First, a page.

Local Islamic community devotes night of prayer to Aleppo

This photo provided by the Syrian Civil Defense White Helmets, which has been authenticated based on its contents and other AP reporting, shows Civil Defense workers and Syrian citizens inspecting damaged buildings after airstrikes hit in Darat Izza town, in rural western Aleppo province, Syria, Saturday, Nov. 5, 2016. Despite a halt in airstrikes in eastern Aleppo city, there has been an intense aerial bombing campaign in the western Aleppo countryside and nearby Idlib province. Rebels say the strikes are an attempt to sever the supply lines of the rebels, waging an offensive on government-held western Aleppo. (Syrian Civil Defense White Helmets via AP)

AUSTIN (KXAN) — Friday night members of the local Islamic community gathered to pray for the families suffering in Syria. The front doors were open at the Islamic Center of Greater Austin for the first organized prayer for Aleppo.

“The power of prayer is one of the most powerful things we have as Muslims,” said Kareem Abdi, who organized the event. “For us, praying for other people — we know it’s in God’s hands, and that it will help those people in need.”

The prayer was led by World Renowned Qari Mohamed Jebri.

“He’s kind of the Billy Graham of the Muslims,” said Imam Mohamed Shakib scrolling through pictures on his phone showing millions of people outside a mosque in Egypt. “Everywhere he goes he pulls a lot of traffic.”

Imam Shakib helped translate the message in Arabic recited from the Quran.

“He chose the verses tonight to remind people it’s all about humanity, and how God chose all of us.”

Tarek Tousson came to pray with his wife and three children ages seven to 14.

“We will hope for the good of the people to save their souls, and a better life for them,” said Tousson. “And also save their families over there, and for people who came here to Austin.”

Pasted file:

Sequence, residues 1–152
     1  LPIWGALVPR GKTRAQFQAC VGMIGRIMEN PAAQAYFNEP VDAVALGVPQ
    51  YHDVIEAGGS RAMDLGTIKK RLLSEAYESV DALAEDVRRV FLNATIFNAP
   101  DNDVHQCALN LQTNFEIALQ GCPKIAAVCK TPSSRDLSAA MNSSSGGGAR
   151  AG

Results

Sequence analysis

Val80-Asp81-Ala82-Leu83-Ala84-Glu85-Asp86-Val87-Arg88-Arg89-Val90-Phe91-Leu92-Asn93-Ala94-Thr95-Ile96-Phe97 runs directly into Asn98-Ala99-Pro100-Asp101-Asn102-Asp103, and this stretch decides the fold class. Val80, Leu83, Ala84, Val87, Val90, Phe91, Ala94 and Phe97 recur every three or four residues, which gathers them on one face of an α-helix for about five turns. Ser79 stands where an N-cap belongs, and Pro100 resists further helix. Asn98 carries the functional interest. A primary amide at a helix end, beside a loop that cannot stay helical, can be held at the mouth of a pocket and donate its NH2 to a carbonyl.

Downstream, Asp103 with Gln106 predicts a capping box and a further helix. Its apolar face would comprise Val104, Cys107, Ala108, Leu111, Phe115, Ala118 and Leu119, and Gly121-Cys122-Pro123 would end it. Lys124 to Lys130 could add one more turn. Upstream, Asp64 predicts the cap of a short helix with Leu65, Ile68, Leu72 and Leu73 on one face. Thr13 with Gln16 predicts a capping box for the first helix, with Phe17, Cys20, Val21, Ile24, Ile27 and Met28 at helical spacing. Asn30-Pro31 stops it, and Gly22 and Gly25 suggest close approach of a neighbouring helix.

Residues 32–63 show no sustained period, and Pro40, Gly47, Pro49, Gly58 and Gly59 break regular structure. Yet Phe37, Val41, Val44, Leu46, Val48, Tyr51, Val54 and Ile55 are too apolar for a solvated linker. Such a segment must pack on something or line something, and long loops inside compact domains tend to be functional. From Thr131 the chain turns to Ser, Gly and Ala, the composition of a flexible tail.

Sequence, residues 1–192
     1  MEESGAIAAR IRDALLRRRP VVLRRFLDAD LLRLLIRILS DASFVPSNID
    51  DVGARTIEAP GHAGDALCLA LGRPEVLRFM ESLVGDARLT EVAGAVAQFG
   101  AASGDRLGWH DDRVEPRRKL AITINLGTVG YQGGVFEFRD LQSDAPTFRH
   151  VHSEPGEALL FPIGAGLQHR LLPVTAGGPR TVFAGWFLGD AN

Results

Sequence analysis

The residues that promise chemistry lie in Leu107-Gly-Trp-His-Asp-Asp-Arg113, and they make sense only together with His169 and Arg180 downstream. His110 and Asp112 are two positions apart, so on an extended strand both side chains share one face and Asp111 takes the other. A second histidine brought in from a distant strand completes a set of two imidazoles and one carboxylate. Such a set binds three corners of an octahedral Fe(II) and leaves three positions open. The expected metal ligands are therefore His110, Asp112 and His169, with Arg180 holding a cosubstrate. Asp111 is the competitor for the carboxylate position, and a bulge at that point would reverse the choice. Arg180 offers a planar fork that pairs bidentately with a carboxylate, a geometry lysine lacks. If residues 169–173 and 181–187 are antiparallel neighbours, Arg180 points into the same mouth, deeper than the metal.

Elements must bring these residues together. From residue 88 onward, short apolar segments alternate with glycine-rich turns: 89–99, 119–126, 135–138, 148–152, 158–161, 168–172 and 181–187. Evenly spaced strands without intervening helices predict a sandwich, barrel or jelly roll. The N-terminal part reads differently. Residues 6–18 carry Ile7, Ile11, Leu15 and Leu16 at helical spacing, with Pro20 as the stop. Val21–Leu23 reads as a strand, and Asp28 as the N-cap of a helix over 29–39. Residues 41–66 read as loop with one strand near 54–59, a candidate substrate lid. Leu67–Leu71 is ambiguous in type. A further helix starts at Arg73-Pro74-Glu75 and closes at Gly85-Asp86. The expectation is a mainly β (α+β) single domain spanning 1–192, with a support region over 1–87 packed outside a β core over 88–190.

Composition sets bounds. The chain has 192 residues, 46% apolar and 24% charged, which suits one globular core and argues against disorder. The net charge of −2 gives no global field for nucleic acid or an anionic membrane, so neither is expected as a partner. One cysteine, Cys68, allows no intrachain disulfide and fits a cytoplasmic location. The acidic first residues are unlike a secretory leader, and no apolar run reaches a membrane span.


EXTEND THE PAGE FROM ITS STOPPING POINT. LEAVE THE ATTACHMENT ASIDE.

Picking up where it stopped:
Syria’s civil war, which has lasted nearly six years, led to the deaths of an estimated 500,000 people, and sent millions fleeing the country. Since Dec. 15, more than 34,000 people have been evacuated from the Aleppo-area.

The Texas Refugee Program

Last year, the Texas Refugee Program took in nearly 16,000 immigrants. Of those, more than 7,000 people were considered refugees, or someone unwilling to return to their country because of persecution or fear of persecution. Those refugees came from a total of 43 countries with the highest number from Burma, also called Myanmar.

The second-highest total came from Iraq. Most of the immigrants, nearly 7,000, resettled in Harris County. More than 2,000 people resettled in Travis County.

The state has been taking in more people through the refugee program in recent years. In 2014, the state’s refugee program took in a little less than 13,000 refugees, which is nearly a quarter more than the previous year.

One man attending the Austin prayer service works for a non-profit helping refugees being relocated locally. These groups say they need help now that the state officially withdrew from the resettlement program. It changed the way federal dollars are distributed to refugee families.